1. Ben Myers, September 21, 2020 at 6:58 a.m.

    Berhalter needs to select the USMNT from this list, at least most of the USMNT.  It's hard to tell which players in the treacly MLS deserve call-up, given the low quality of play there.

  2. Wallace Wade, September 21, 2020 at 7:32 a.m.

    Ben, you are correct. Let's see if that happens. Nothing would surprise me. 

  3. frank schoon, September 21, 2020 at 8:59 a.m.

    Ben, Wallace, on paper, what you guys state has merit but in real life it doesn't work that way.I remember a few years ago when dutch were going through their doldrums, lets say, had a similar problems. Mostly all of  their internationals played in different countries, which means they bring with them different influences of play and on how they train and practice. Keep in mind the national team is not club where all the guys follow and train acccording to some preconceived manner of play, EVERY DAY. For example Robben and van Persie, van Dyk, and a couple of others were playing in England some played in Holland and some in Germany and somewhere else. The problem was on the transistion where the dutch players are trained to go out at the opponents the others dropped back, causing the team to be split in half in their intentions. In other words it was their daily playing habits  and thinking that instantly took over....IT WAS A MESS. You guys  are coaches , you know how long it takes bring a certain style of play which is difficult to institute especially to a team that doesnt' play and practice much together.

    Realize these kids playing in Europe are not world class, Ronaldo types who set the tone of play for their teams. These kids are just happy to get playing time over there in Europe, some still are learning the game and when they come back to play for the USMNT they don't stand out or stand head and shoulder above the MLS products.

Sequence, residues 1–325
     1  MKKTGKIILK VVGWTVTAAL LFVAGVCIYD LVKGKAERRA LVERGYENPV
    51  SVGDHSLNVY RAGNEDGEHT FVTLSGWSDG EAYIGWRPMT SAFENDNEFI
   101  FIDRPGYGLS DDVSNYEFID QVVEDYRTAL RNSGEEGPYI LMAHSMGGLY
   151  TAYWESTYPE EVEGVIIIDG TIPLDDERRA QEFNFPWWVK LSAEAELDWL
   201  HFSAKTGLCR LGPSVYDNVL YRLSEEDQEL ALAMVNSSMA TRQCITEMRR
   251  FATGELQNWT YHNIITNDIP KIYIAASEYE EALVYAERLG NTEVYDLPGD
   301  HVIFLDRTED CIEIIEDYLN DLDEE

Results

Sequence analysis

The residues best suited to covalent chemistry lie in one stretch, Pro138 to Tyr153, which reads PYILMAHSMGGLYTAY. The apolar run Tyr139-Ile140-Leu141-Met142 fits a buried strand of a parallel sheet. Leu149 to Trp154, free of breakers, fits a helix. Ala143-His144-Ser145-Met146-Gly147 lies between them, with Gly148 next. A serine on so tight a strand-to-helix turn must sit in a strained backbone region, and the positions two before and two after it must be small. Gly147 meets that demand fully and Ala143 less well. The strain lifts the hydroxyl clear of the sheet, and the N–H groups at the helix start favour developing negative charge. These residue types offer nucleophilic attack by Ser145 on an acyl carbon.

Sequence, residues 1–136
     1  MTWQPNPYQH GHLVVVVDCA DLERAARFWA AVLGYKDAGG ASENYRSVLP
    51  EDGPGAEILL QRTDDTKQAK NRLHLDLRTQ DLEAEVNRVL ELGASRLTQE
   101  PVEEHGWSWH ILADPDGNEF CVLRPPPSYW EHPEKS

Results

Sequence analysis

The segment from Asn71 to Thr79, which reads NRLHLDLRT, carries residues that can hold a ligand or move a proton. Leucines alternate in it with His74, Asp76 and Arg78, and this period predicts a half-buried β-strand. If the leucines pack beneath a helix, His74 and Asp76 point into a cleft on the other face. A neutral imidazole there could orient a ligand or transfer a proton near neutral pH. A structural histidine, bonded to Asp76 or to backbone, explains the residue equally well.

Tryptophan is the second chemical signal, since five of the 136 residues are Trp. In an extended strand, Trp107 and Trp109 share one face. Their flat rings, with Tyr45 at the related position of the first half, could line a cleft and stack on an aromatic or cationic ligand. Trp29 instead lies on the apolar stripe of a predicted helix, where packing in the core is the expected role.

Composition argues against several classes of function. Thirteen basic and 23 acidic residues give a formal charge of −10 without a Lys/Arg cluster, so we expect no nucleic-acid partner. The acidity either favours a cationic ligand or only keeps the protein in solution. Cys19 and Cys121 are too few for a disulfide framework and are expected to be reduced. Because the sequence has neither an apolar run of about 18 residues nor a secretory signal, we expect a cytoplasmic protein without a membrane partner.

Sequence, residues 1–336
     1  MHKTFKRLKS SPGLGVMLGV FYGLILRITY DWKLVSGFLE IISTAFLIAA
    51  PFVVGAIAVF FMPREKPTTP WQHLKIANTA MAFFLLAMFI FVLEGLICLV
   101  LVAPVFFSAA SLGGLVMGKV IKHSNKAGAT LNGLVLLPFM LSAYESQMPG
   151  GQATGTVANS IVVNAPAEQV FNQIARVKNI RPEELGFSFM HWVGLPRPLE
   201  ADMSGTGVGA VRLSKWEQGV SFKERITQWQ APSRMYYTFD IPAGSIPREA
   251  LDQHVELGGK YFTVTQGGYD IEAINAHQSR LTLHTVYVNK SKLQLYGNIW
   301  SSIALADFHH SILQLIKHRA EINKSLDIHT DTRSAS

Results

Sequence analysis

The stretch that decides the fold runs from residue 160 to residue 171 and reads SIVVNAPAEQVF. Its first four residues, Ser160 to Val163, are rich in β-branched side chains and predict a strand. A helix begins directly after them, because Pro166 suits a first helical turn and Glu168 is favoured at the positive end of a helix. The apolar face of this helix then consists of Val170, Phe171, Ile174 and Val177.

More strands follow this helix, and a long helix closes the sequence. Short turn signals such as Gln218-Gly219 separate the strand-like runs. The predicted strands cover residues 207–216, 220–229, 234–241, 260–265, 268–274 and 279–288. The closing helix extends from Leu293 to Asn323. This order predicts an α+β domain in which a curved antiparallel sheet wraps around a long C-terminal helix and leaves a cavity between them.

I would suggest, to start out with a MLS core, than see how to improve and bolster this core in certain places with some of the foreign players. But to just throw in these foreing players together as representing the US team is not a path to success, we need  a consistency to do that....

  4. Bob Ashpole replied, September 21, 2020 at 9:13 a.m.

    To add to what Frank said, Concacaf qualifying is not like playing in Europe. In the past some have noted that we select 2 teams during a cycle: one for qualifying and one for the finals.

  5. Rey Phillips, September 21, 2020 at 10:22 a.m.

    Even so, unlike the Dutch league, MLS does not have a particular style, yet.  Coaches in San Jose, Kansas City, Philadelphia, and Seattle have pretty distinct approaches to the game, so it's not like you can bring players from those four teams together and expect that they'll be on the same page in approach, though they will have an appreciation for a similar tempo, which helps.  But having players on such disparate teams the world over really emphasizes how important it is to have a USMNT coach that looks at his players and tries to find a system that brings out the best in his squad rather than a coach with a system that he tries to get his players to conform to. 

  6. frank schoon replied, September 21, 2020 at 10:39 a.m.

    Rey, true what you say about MLS, but don't kid yourself. We do know  what the make up of  the typical American player is what he is able or UNABLE to do...furthermore all our kids in America grow up developing a similar soccer style as a taught by the USSF coaching academy..Just look at all the colleges , in how they play...see any difference there? You see one game ,you've seen one game ,you've seen them all, the players are similar.   There is nothing new there ,they all follow similar type of playing, although a team in the MLS might differ here and there but it is very minimal the differences.